Pelosi calls Hermits Peak/Calf Canyon Fire a 'tremendous mistake' by federal government

Sep. 26—ALBUQUERQUE — After hearing directly about the pain and trauma Northern New Mexico residents suffered as a result of the largest wildfire in state history, House Speaker Nancy Pelosi signaled Monday additional wildfire relief could be headed to the region through a short-term funding bill.

"Later in the day we'll be introducing our continuing resolution," she said after a roundtable discussion with residents of Mora and San Miguel counties, referring to legislation designed to avert a government shutdown.

"I was hoping it would be [introduced] by now, but it'll be by this evening, and at that time we'll be happy to announce what is in the bill to be a very big start for what needs to be done to make people as whole as possible — never totally because you can't replace what you've lost in many respects, but you can build a better and new future, and that's what we owe you and that's what we're here to promise," she said.

Pelosi — who hosted a reception Sunday in Albuquerque to benefit U.S. Reps. Teresa Leger Fernández and Melanie Stansbury and congressional hopeful Gabe Vasquez, all Democrats — joined Leger Fernandez at the Indian Pueblo Cultural Center on Monday morning to hear firsthand from people who were impacted by the Hermits Peak/Calf Canyon Fire.

Much of the roundtable discussion was held in private, but Las Vegas Mayor Louie Trujillo said he made it clear to Pelosi the federal government was "100 percent responsible" for the damage. The U.S. Forest Service started the fire as two separate prescribed burns that blew out of control.

"This was not a natural disaster," he said. "It was a man-made disaster, just like arson."

Trujillo said some of the students from Mora Public Schools did a "great job" telling Pelosi what it was like "living through this horrible disaster."

"I thought it was very fruitful, and I know that tonight is a very important night in Washington," he said. "They're on their way back to fight for the extension of some of these payments and the availability of more funding."

Trujillo said Pelosi didn't make any commitment residents would be made whole.

"From my understanding, it's more federal money that was not covered in other bills, like for acequias, damage to watersheds, those types of things that were sort of somehow omitted from other legislation that would be added to some of this legislation that they're hoping to introduce tonight," he said.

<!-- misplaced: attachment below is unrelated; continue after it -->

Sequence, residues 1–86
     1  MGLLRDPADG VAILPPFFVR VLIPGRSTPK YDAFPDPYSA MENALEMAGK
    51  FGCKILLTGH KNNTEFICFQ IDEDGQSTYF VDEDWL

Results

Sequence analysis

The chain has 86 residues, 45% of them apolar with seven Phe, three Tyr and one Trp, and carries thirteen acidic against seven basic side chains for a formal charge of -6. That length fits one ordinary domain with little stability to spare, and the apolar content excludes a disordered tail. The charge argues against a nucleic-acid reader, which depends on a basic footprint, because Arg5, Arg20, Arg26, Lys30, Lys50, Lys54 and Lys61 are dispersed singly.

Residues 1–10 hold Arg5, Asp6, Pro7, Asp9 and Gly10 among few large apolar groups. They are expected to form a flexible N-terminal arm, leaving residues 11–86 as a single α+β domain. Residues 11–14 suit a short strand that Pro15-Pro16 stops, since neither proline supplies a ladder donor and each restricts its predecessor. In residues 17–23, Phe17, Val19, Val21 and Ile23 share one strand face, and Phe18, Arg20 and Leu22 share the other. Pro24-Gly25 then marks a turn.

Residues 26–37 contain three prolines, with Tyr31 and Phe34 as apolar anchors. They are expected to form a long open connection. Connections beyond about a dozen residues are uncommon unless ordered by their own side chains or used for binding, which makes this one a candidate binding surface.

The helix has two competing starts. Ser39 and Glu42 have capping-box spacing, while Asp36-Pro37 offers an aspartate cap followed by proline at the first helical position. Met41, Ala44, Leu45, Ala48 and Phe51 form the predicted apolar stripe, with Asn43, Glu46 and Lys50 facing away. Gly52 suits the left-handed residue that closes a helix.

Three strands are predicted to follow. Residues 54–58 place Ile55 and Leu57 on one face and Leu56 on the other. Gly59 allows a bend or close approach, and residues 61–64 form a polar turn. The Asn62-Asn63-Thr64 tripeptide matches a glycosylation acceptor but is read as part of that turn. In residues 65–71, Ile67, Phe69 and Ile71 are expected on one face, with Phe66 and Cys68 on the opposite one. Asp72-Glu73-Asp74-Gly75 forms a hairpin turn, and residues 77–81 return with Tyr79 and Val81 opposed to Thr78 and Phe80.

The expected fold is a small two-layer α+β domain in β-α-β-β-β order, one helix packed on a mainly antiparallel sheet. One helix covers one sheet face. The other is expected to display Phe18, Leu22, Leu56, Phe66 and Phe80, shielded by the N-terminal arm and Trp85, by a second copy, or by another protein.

Trujillo said it will be up to New Mexico officials to keep reminding the federal government it has a responsibility to people who were impacted by the wildfire.

"Our jobs as elected officials is to hold them to the fire," he said.

Pelosi, who said she's been to New Mexico about 50 times, said she was moved by residents' stories, particularly those of youngsters who shared what they've endured.

"I know of the pride and the entrepreneurial spirit of New Mexico — it is the Land of Enchantment," she said. "But today [I was almost moved to tears] to hear the pain that was caused, the loss that came with all of that, the trauma and the impact that it has on our children."

Leger Fernández said hearing directly from people who were affected by the wildfire helps lawmakers in their decision-making.

"I think every time we hear the stories directly from those who have lived them, we are touched in our hearts, and when we are touched in our hearts, we are strengthened in our resolve," she said.

Leger Fernández, who represents Northern New Mexico's 3rd Congressional District, is pushing for residents and business owners to be fully compensated for their losses under the Hermits Peak/Calf Canyon Fire Assistance Act. She and Democratic U.S. Sen. Ben Ray Luján introduced the bill, which was co-sponsored by the three other members of state's congressional delegation: Stansbury, Democratic U.S. Sen. Martin Heinrich and Republican U.S. Rep. Yvette Herrell.

Asked whether the legislation would be included in the continuing resolution, Pelosi said an announcement would be forthcoming.

"Let me say it this way: I wish we could be announcing it now, so you can draw an inference from that," she said.

Leger Fernández said she won't stop advocating for the bill until it becomes law.

"We are pushed to have the Hermits Peak fire assistance bill in any and every single legislative vehicle that moves. We have already passed it out of the House twice, and we are working diligently, and I can tell you that I will never give up until we actually get it signed into law," she said.

Leger Fernández said the bill is intended to bring "healing and payment for the loss of income and homes and business."

The bill would eliminate federal funding matching requirements.

"We cannot have matches when you have destroyed the livelihood and so the [bill] provides that it will be 100 percent federal," Leger Fernández said. "We'd be eliminating those matches, which have been quite problematic."

Pelosi called the wildfire "an unusual disaster" because it could have been avoided.

"We like to think everything could be avoided, but this was actually a mistake — a tremendous mistake," she said.

"There is a recognition that this was avoidable, and that makes it shameful. But that makes it all the more reason for us to learn from it immediately," Pelosi added.

This is a developing story. Stay tuned for updates.

Follow Daniel J. Chacón on Twitter @danieljchacon.